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Nancy Graham CPA, CA, CIM, CFP, TEP

Portfolio Manager
Contact
  • T613.237.5544 x 303
  • 1.800.230.5544
  • F613.237.5949
  • 265 Carling Avenue,
    8th Floor,
  • Ottawa, Ontario K1S 2E1
January-20-15

In 2015, let's remember what we already know.

In 2015, Let’s Remember What We Already Know

As we move into 2015, we inevitably look back at 2014 and its year-end stock market returns. When viewed close up, strong markets may tempt us to take more equity risk in our portfolios than we originally planned. For example, as of year-end 2014, the S&P 500 Index’s five-year compound returns of almost 14 percent provided a jet-assist to recent U.S. market performance, generating a temptation to load up on those energetic equities. But let’s remember what we already know: We're only human, tempted by our emotions when making investment decisions, so it’s important to view those recent returns through a clarifying lens of long-term strategy.

2014 Returns in the Eye of the Evidence-Based Beholder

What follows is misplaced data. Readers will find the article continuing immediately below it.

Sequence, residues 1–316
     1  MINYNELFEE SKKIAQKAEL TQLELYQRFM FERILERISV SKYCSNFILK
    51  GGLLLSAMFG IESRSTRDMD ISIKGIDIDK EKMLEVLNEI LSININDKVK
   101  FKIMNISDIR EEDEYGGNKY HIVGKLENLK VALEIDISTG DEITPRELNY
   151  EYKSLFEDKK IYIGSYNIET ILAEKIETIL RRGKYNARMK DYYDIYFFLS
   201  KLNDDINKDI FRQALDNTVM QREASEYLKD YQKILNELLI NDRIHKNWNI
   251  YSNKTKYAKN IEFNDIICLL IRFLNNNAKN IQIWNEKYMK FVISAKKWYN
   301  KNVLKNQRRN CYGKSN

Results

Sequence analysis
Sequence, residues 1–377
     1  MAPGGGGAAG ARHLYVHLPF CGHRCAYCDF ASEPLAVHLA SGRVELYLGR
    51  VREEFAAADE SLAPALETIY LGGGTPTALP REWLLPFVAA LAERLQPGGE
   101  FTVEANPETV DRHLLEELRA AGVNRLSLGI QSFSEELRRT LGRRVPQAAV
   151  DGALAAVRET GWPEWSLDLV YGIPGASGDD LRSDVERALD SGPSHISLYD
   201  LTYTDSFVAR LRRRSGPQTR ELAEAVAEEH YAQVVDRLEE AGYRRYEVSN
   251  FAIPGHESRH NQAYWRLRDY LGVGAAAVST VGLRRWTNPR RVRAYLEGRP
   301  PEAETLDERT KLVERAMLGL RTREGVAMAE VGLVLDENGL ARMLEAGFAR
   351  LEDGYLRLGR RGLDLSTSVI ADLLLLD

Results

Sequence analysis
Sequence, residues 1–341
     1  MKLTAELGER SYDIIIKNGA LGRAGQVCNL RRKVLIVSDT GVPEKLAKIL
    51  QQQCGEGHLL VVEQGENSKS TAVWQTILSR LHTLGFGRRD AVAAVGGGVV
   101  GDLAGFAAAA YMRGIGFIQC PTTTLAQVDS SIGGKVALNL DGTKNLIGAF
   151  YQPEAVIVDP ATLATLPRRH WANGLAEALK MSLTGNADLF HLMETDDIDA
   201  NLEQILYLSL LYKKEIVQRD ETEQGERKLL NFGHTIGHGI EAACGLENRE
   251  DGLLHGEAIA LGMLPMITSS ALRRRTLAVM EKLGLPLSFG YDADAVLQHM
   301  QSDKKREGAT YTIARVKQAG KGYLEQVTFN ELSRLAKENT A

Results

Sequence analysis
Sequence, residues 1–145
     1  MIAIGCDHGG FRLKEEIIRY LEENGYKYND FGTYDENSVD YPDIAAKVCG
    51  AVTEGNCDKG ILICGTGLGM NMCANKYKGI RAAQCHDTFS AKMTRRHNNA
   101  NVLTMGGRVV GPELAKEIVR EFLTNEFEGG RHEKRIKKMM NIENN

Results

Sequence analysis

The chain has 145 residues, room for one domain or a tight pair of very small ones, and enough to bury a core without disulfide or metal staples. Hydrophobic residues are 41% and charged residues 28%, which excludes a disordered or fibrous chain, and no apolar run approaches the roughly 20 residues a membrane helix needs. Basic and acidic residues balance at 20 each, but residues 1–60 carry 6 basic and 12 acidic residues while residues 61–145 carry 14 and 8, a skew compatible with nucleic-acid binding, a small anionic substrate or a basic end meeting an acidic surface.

Based on robust research into the interaction between capital markets and human behavior, we already know that we are emotionally wired to get it wrong. Studies have demonstrated that market-timing decisions like buying into a recently strong market aren’t expected to work out for us as investors. On the contrary, due to the increased costs involved in chasing last year’s returns (which hold no predictive powers over this year’s returns), market timing is expected to make you poorer, long before it will build your solid pension plan. As Jonathan Clements of The Wall Street Journal observed in his year-end column: “Despite the pundits’ stories, we simply do not know what will happen to stocks and bonds over the next year — which means you need to base your investment decisions on something else.”

Focused Investing

What’s that “something else”? Ignore recent successes in the market. Ignore the predictors and prognosticators. They don’t actually know what’s coming next. Instead, stay focused on the level of market risk you had decided to take with your money, risk you need to take based on your personal financial goals. Stay focused on being widely and globally diversified to manage the risks that you have decided to take on. Stay focused on managing your trading costs and taxes.

Remember, focusing on what you already know offers the best chance of building (and sustaining) a portfolio that can become your pension.

By: Nancy Graham | 0 comments